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Category: General Health (Page 1 of 11)

Consuming low-calorie sweeteners at the same time as carbohydrates impacts the body’s ability to regulate blood sugar

Nature »

Sugar substitutes make people feel they can indulge in a sweet treat or a soft drink without the calories. But research suggests that consuming low-calorie sweeteners at the same time as carbohydrates prevents the body from using blood sugar effectively, increasing the risk of health problems.

Dana Small at Yale University in New Haven, Connecticut, and her colleagues asked 60 healthy people to consume 7 beverages of a single type over 2 weeks. The beverages contained either sugar, the low-calorie sweetener sucralose, a non-sweetening carbohydrate or both sucralose and the carbohydrate.

Scientists have cured diabetes in mice for the first time

According to the American Diabetes Association, more than 34 million Americans have diabetes. That’s equal to 10% of the population in the USA. To date the most common treatment has been to manage the disease with diet and insulin shots, when requred.

Further research is required, however this new research could lead to a cure in humans.

Rishabh Jain, International Business Times »

Researchers at the Washington University, St. Louis, Missouri were able to cure diabetes in mice by infusing them with stem cells.

Diabetes affects the ability of the body of producing and managing insulin, which is normally produced by the pancreas. When this happens, body insulin levels need to be monitored regularly and expensive insulin shots need to be administered if blood sugar levels shoot up. According to the researchers, the findings provide a much reliable alternative— using beta cells to generate insulin for diabetics.

The treatment works using pluripotent stem cells. These cells can actually shape-shift into becoming any kind of cells in the body. However, the process is not perfect. The cells can also morph into other types of cells. The cells are harmless but do affect the ratio of the insulin-producing cells, affecting the efficacy of the treatment.

Over 40% of American adults are obese. Nearly 1 in 10 are morbidly obese.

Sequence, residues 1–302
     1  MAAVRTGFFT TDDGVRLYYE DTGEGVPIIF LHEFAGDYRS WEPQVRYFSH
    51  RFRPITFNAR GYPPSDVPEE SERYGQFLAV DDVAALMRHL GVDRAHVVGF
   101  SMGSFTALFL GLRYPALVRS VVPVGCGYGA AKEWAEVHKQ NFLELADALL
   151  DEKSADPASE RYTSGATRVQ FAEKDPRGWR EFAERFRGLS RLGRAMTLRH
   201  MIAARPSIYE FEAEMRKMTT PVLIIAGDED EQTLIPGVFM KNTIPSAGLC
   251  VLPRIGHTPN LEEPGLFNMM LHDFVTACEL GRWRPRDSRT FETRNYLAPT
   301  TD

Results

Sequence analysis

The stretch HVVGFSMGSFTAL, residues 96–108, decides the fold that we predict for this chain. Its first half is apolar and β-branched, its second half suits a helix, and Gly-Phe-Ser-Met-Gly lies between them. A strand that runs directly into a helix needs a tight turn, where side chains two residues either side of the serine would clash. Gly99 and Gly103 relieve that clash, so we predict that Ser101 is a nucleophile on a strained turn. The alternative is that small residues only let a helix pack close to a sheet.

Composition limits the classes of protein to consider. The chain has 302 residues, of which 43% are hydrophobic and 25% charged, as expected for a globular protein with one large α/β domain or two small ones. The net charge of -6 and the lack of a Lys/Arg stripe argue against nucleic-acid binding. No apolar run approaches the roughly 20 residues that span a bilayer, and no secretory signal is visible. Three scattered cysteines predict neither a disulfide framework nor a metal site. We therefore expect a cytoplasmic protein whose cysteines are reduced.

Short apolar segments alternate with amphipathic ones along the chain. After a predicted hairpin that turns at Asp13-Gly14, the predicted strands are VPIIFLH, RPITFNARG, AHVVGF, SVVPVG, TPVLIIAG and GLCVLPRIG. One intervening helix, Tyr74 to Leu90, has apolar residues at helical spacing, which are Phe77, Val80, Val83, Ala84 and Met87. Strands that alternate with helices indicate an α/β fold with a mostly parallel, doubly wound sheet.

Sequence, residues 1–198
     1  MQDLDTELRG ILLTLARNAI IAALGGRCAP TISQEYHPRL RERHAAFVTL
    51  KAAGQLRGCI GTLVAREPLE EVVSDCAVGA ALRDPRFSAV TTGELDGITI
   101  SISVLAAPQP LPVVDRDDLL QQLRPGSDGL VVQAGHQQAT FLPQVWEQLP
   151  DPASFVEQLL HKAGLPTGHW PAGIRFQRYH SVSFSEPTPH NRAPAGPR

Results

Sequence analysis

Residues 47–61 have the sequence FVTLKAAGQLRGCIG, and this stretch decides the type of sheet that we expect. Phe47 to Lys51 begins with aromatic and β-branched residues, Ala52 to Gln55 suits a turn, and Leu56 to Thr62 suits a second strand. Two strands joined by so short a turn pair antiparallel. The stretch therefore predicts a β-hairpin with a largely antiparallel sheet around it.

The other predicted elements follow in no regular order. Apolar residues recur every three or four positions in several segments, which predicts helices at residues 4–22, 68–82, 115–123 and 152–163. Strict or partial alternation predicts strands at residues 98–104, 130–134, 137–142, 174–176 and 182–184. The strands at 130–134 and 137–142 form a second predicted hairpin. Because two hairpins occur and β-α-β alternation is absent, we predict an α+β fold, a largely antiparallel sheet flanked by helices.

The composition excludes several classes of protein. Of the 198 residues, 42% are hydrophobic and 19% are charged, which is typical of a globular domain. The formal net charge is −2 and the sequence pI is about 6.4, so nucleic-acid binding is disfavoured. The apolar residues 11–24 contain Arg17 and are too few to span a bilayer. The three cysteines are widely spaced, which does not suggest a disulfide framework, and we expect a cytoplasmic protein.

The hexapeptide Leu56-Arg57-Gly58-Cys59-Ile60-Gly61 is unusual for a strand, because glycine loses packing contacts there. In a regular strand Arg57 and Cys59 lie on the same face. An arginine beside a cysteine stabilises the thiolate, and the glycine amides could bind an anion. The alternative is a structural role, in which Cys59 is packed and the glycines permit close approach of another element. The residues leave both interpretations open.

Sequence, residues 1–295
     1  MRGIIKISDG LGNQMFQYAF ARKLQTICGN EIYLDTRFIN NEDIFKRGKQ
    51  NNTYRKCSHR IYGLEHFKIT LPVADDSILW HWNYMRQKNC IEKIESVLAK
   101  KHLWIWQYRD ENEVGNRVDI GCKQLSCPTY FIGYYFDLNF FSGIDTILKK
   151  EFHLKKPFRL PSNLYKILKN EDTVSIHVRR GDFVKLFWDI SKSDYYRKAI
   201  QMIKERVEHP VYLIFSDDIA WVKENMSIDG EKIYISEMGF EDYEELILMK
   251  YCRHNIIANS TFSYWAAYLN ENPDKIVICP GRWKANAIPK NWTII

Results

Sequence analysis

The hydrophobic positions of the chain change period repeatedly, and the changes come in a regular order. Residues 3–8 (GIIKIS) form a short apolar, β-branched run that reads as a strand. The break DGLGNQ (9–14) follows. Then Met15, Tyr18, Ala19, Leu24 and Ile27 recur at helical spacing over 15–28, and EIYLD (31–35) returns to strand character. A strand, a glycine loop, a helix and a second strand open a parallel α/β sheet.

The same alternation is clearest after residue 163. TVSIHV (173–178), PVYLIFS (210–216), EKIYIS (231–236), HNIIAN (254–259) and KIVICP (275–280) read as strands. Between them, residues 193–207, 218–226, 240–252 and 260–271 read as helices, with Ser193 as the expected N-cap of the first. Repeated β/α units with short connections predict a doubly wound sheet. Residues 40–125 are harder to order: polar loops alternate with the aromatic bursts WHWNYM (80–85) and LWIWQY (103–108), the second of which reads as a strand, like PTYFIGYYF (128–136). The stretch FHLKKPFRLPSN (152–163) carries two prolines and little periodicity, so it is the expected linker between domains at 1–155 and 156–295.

More than 4 in 10 Americans are now obese.

Key findings from the U.S. Centers for Disease Control and Prevention study »

  • In 2017–2018, the age-adjusted prevalence of obesity in adults was 42.4%, and there were no significant differences between men and women among all adults or by age group.
  • The age-adjusted prevalence of severe obesity in adults was 9.2% and was higher in women than in men.
  • Among adults, the prevalence of both obesity and severe obesity was highest in non-Hispanic black adults compared with other race and Hispanic-origin groups.
  • The prevalence of severe obesity was highest among adults aged 40–59 compared with other age groups.
  • From 1999–2000 through 2017–2018, the prevalence of both obesity and severe obesity increased among adults.

This research corresponds to earlier studies that suggest half of adult Americans will be obese within 10 years.

More » Associated Press

JP Morgan economists warn climate crisis is threat to human race

Patrick Greenfield and Jonathan Watts, The Guardian »

The JP Morgan report on the economic risks of human-caused global heating said climate policy had to change or else the world faced irreversible consequences.

The study implicitly condemns the US bank’s own investment strategy and highlights growing concerns among major Wall Street institutions about the financial and reputational risks of continued funding of carbon-intensive industries, such as oil and gas.